After the high of Golden Week, a long weekend in July is just what Japan needs to wind down and relax. Marine day, or Umi no Hi (海の日), is all about the sand, sun, and water – a perfect way not to let the scorching summer heat get the best of people.
How Umi no Hi started
Marine Day is a relatively new holiday in Japan. Until 1996, it was known as Marine Memorial Day. It was also not a designated national holiday until 1995, making it the first holiday in the summer season. Marine Memorial Day was held to celebrate the Meiji Emperor’s return to the Port of Yokohama in 1876 after visiting the northeastern part of the country on the steamboat Meiji Maru.
Since it was not an official holiday, several ocean-related organizations got together in 1991, requesting that the government establish a holiday commemorating the ocean. Needless to say, the movement was well-accepted by the public, and the National Diet got debating for a few years until it was announced a national holiday in 1995.
Changes to the holiday
Marine Day used to be celebrated on the third Monday of July as part of the government’s “Happy Monday” reform where a few holidays with fixed dates were moved to Mondays to give the people a couple of long weekends. In 2003, however, the holiday was set to July 20. It is said that the children were the happiest upon the announcement of the holiday as their summer vacations usually began on July 21; hence the additional day was well-received.
In 2020, the holiday was moved to July 23 in light of the 2020 Summer Olympics. Even though the Olympics was postponed, the government decided to keep the date for 2021, although moved it a day earlier to July 22.
Show gratitude for the oceans
Don’t be surprised if you ask the Japanese what the holiday means and receive a blank response. They don’t really know why the day is celebrated, mainly because it doesn’t have a long history or cultural traditions such as Children’s Day or New Year’s. So basically, Marine Day doesn’t entail hanging carp streamers or visiting the temple.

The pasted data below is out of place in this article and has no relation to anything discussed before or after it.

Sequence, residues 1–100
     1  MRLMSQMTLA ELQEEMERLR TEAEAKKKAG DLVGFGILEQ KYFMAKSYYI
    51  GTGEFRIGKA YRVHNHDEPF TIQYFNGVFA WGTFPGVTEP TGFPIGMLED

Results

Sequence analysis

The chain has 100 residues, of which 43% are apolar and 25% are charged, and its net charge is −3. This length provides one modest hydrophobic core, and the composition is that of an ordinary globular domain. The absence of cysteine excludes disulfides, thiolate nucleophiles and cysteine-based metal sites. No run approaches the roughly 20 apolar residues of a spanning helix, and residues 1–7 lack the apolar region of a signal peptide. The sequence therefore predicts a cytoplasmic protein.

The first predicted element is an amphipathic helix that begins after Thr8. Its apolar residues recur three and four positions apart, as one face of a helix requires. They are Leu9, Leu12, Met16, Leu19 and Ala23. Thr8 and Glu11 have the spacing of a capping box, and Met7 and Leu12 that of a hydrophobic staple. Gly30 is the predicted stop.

Instead, many visit the Japanese coastline. Did you know that Japan is probably the only country in the world where a celebration of the earth’s waters is a national holiday? Given the island country’s reliance on the seas for its economic and cultural achievements, it’s no wonder. Not only does the country rely on the surrounding waters for sustenance, but it has also helped preserve the uniquely Japanese culture. Marine Day might not have traditions set on stone, but a visit to the beach to bask in the beauty of nature is celebration enough.
Celebrate the holiday beside the sea
The weather is perfect for a beach trip during Marine Day. However, when you do get there, there is one practice you should be aware of. Even though Marine Day celebrations may vary from town to town, many uphold the mud-throwing event. No, people don’t throw mud at each other, even though that would be fun and even rejuvenating for the skin.
In line with taking care of marine life, the dried mud filled with effective microorganisms (EMs) is actually good for ocean water. They help break down and reduce natural sea grime, thus giving the waters a nice cleanse. During the holiday, you can also expect communities to organize clean-up missions of their local beaches. You get the spend time with family, get a break from work and give back to nature – it’s a win-win!
If having a beach day is on your itinerary for the holiday, you can head over to Odaiba, Yokohama, Kamakura, Chiba, or Enoshima for the popular spots. These are also accessible from Tokyo JR station.
Don’t miss out on city celebrations, too
Once you’re done taking a dip, throwing mud balls, and picking up trash, you can wait for another recently-established tradition: lighting lanterns. This is especially popular on the seafront in Odaiba, Tokyo. Volunteers set up hundreds of paper lanterns, and they are laid out in a particular design. As the night extends, fireworks light up the skies, and an extra special celebration is held at the Port of Yokohama. Marine Day also entails a colorful parade featuring floats and music. Gratitude for nature and togetherness has become the culture surrounding this holiday, and it is a practice that is upheld much like tradition.
Suppose you don’t have the opportunity to head over to a beach on Marine Day. In that case, there are many other venues you can check out with the same theme, such as Tokyo’s three aquariums: Tokyo Sealife, Sunshine, or Sumida. The Sumida, Arakawa, or Kanda-gawa Rivers are other options if you want something in between the city and water. They’re perfect spots for a relaxing stroll away from the crowds.
Given the current coronavirus pandemic situation, it is advised to check beforehand if venues are open during the holiday. Calling in advance if parks, beaches, and aquariums are open and until what time will save you a lot of stress in the long run.